DUNWOODY, Ga. — The Dunwoody City Council adopted a $39.6 million 2020 budget with little dispute Oct. 28.

The proposed budget assumes a tax rate of 2.740 mills, unchanged since Dunwoody incorporated in 2008. With this rate and other revenue sources, the proposed budget anticipates $39.6 million in revenue. 

The General Fund budget, which funds everyday operations, is $25.6 million, a 1.2 percent increase from 2019. The budget maintains a four-month minimum reserve. 

The Capital budget includes $3.7 million for repaving, $1.4 million for intersection improvements at Chamblee Dunwoody and Spalding Drive and $1 million for a sidewalk on Peeler Road from Equestrian Way to Brook Run Park.

In personnel, the proposed budget includes $109,000 for two additional sworn police officers, $160,000 for additional contractual parks positions. One difference from the mayor’s original proposal was an increase in parks positions from one full-time and one part-time to two full-time. 

Other changes out of committee were additional funding for employee retirement plans and allocating $60,000 within economic development for art efforts. All of these were offset by reserve funds.   

Two citizens spoke against the budget at the one public hearing that was held Oct. 14. The opponents said the budget was too high, criticized the art funding and asked for more transparency of the city’s financial documents. 

One change was made to the budget at the Oct. 28 meeting. In the original proposal, $50,000 was allocated for an environmental study related to the I-285 managed lanes project. Councilwoman Lynn Deutsch asked the money be reserved for professional services for the same project.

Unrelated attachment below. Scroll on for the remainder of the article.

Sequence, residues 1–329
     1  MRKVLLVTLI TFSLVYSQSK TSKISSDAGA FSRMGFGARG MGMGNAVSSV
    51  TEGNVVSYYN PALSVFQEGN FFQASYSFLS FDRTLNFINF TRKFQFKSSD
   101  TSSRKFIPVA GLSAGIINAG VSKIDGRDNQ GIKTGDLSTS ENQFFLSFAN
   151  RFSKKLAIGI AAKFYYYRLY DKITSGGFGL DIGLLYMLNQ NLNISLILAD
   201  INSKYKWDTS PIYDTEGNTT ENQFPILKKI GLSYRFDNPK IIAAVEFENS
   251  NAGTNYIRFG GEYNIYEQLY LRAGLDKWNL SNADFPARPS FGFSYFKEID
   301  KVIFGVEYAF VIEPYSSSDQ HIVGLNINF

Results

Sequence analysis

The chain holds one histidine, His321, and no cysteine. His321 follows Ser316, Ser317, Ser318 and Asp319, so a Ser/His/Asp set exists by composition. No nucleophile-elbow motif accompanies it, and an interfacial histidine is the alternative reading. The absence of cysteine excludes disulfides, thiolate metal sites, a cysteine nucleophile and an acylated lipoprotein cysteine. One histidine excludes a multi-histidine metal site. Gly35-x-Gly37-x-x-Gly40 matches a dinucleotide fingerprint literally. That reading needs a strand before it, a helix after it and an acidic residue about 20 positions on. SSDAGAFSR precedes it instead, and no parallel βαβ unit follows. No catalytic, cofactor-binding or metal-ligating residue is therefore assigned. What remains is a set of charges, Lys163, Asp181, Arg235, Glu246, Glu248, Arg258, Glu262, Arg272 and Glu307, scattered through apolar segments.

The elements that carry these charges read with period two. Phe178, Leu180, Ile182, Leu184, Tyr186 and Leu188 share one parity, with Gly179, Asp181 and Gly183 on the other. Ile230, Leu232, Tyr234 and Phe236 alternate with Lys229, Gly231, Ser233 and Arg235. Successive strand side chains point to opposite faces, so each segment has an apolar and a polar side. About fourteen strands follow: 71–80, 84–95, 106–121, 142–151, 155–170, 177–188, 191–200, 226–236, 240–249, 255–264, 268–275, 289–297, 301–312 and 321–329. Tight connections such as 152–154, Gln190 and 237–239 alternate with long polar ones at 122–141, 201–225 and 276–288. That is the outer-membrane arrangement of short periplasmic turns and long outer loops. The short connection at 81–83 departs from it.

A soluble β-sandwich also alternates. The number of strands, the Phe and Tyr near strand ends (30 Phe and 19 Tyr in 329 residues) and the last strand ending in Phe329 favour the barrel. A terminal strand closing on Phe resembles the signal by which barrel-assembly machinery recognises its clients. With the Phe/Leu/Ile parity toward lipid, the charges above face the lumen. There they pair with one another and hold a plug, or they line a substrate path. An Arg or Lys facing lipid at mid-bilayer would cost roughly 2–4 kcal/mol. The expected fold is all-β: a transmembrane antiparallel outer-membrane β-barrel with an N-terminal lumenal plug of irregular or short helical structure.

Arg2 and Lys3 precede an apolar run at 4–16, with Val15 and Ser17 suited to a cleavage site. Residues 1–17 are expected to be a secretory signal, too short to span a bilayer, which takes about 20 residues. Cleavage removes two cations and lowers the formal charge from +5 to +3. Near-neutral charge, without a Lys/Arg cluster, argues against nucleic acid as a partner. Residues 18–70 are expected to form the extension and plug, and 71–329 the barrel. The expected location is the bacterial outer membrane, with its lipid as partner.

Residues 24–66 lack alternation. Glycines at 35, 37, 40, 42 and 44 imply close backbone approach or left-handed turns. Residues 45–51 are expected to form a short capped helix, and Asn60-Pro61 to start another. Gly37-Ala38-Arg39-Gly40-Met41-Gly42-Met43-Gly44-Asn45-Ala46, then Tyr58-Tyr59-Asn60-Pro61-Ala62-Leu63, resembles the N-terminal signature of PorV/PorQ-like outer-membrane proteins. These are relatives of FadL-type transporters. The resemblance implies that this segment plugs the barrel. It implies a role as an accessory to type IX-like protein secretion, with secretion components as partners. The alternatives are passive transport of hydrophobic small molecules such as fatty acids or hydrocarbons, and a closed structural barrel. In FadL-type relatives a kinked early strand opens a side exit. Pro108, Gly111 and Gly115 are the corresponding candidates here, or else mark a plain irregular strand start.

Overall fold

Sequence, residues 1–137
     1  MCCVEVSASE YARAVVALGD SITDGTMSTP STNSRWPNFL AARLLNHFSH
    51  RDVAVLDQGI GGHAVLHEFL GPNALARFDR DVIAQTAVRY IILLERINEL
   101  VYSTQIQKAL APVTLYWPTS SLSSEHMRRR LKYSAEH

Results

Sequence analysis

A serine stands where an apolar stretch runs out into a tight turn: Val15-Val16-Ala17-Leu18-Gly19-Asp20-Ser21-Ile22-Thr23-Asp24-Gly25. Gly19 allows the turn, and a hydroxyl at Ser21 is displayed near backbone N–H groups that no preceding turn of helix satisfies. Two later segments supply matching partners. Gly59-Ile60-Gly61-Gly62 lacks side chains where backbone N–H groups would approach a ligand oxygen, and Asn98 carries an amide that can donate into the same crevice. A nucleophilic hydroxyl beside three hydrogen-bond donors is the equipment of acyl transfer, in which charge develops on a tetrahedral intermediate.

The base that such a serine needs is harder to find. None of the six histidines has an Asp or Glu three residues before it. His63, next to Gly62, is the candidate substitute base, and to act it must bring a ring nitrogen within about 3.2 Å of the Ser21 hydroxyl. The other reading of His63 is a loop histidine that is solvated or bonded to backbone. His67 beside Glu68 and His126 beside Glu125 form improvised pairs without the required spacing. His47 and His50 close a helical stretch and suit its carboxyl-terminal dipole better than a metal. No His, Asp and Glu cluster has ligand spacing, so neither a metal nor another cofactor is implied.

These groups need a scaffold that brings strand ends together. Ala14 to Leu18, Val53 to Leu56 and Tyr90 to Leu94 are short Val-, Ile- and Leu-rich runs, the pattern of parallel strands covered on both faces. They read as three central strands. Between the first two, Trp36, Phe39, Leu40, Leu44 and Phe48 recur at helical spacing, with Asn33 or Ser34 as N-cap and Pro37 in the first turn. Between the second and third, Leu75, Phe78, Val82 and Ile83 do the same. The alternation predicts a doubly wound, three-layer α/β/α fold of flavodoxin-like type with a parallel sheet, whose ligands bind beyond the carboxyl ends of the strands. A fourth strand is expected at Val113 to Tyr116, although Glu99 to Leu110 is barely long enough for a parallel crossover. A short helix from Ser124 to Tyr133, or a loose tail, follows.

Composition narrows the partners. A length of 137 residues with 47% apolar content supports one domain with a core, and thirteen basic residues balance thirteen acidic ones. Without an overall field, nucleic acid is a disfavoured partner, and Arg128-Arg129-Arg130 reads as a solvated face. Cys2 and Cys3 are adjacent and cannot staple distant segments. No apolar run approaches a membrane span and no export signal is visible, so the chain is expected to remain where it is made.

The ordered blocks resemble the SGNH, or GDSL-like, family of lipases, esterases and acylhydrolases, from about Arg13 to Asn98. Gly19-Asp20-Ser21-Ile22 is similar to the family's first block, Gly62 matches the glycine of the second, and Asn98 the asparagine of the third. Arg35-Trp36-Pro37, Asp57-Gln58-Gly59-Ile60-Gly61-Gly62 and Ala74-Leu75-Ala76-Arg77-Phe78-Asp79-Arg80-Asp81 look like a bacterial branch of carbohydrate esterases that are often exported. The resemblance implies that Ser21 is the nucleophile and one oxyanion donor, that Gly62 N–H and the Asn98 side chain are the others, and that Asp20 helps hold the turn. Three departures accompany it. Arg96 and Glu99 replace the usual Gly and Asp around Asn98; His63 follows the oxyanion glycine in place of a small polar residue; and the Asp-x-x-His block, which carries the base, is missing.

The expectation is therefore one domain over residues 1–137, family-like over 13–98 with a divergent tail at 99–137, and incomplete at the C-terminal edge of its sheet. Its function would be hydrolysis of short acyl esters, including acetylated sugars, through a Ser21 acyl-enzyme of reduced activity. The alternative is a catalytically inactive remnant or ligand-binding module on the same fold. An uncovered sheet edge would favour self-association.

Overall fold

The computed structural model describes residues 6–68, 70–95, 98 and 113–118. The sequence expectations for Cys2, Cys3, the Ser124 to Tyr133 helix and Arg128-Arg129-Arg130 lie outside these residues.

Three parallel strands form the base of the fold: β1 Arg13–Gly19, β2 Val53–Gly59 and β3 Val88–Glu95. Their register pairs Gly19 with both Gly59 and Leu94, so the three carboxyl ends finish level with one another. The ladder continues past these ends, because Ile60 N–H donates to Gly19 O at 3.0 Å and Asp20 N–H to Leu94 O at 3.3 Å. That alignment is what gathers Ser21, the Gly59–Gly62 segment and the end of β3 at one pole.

“Because we don’t know the timing and what exactly we might need, and GDOT has turned inward and is not sharing, I think we’re better off leaving our options open for what services we might need,” Deutsch said. 

The funding could still be used for an environmental study, or it could be used for a traffic survey or litigation. The amendment passed unanimously along with the budget. 

In other business, the city approved a contract with MARTA and the Perimeter Community Improved District to construct a mid-block pedestrian signal across Hammond Drive at the entrance to the MARTA station.

The segment of road has the highest number of mid-block pedestrian crossings in Dunwoody, according to city reports, with more than 20 crossings per hour in the morning and afternoon and nearly 60 crossings per hour at lunch. 

The PCID secured a $320,000 federal grant for the crosswalk and is providing the local matching funds of $80,000 and construction management oversight. 

The city’s only financial obligation is for ongoing maintenance which is estimated to be $3,000 a year.

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